See also the GSBS Web site for G. Balázsi.
Mathematical/computational modeling and experimental characterization of biomolecular interaction networks to unravel molecular mechanisms underlying cellular survival in stress.
Studying the combined effect of noise and feedback regulation on the development of drug resistance by experiment and computational modeling. Our earlier studies proved that noise can aid survival after a single exposure to stress. The current project will test the effect of feedback regulation on the development and maintenance of non-genetic drug resistance. We will apply multiple exposures to stress, testing how a cell population benefits from the "memory" of earlier stress events due to positive autoregulation.
Designing gene constructs to shape the distribution of protein levels within a cell population. For example, we can now independently adjust the mean and noise (Coefficient of Variation) of a target gene in yeast. We have also built a "linearizer" gene circuit that converts a nonlinear (sigmoidal) dose response to linear.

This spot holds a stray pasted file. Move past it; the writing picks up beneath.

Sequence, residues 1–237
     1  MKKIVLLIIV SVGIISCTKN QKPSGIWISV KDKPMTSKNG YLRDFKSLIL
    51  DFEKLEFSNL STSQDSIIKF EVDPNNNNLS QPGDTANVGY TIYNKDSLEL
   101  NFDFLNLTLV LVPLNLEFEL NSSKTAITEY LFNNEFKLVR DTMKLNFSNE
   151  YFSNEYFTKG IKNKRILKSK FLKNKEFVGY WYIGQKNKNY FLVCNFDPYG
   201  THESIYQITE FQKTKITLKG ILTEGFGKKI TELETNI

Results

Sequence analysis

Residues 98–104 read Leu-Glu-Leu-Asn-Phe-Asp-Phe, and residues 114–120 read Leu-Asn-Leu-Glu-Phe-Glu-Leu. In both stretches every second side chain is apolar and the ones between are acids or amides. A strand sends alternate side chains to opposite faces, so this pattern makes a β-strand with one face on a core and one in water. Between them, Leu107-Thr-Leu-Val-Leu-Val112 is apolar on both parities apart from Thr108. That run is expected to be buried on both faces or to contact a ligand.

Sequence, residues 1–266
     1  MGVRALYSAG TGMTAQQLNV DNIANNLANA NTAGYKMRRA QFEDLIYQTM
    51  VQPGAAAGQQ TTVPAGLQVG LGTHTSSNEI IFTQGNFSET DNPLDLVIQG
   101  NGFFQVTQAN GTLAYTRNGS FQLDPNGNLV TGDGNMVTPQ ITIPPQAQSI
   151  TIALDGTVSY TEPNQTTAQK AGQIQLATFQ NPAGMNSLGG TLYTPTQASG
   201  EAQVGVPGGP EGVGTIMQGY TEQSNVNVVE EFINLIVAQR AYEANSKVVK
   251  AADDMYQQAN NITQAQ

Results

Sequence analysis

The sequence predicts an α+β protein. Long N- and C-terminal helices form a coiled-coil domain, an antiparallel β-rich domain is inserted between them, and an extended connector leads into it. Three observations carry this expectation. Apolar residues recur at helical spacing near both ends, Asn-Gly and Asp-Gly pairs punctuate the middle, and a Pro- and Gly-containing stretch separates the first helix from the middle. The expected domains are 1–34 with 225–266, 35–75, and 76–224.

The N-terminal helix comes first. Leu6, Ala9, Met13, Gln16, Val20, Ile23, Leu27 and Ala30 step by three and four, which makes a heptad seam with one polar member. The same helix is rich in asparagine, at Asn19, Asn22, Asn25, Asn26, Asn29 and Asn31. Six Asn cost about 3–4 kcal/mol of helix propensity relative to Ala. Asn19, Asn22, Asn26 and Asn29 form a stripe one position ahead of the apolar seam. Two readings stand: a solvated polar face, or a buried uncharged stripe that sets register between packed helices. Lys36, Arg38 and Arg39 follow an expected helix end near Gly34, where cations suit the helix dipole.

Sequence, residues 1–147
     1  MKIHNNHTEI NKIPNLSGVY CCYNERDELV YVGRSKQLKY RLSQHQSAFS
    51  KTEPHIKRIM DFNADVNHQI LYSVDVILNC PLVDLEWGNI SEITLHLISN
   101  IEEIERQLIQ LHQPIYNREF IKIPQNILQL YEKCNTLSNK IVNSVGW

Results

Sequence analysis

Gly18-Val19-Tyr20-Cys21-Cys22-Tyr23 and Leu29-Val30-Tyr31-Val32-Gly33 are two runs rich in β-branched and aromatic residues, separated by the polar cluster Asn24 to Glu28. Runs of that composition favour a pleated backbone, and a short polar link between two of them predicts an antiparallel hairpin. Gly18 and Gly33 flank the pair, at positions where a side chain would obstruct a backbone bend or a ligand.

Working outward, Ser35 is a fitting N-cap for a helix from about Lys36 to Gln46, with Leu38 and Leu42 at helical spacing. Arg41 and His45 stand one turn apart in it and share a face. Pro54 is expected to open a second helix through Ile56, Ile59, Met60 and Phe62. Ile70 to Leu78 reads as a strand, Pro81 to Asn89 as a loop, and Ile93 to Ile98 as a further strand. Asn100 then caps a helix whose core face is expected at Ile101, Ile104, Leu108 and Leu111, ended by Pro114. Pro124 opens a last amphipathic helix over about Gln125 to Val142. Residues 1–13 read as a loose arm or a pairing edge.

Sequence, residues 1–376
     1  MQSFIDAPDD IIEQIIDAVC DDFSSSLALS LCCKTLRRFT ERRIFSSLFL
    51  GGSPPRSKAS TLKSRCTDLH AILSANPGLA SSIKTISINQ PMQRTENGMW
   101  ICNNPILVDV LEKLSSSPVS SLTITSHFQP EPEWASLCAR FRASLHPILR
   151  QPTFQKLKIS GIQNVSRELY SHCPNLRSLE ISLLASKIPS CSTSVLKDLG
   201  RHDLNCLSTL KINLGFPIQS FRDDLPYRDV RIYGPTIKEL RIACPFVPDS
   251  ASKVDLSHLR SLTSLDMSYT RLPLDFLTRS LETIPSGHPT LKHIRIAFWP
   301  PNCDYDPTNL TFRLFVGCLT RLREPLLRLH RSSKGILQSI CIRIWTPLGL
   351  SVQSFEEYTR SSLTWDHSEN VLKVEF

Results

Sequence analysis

Identifying the network topology around stress-related genes within large-scale gene regulatory networks of three organisms: E. coli, S. cerevisiae and H. sapiens. We have discovered a distinct pattern of positioning and regulation of stress-related genes that is similar across the kingdoms of life, suggesting that it emerged due to similar evolutionary driving forces acting on all forms of life.
Studying the response of the large-scale gene regulatory networks of infectious microbes to stress using published microarray data. We identify distinct sets of transcriptional subnetworks (origons) that are affected at various times following exposure to stress. These results open the door for a systems-level understanding of the response of infectious microbes to stress, as well as their drug tolerance or drug resistance.
Analyzing and interpreting the large-scale proteomics/drug screening/siRNA data collected at our department in the Gordon Mills laboratory. We are inferring signaling networks based on experimental data, and study their overlap with known interaction networks.
Supporting Data & Software
Gabor Balazsi, Ph.D.
CHIP Lab, Department of Systems Biology (Unit 950)
The University of Texas MD Anderson Cancer Center
7435 Fannin Street
Houston, TX 77054, USA
Phone & Fax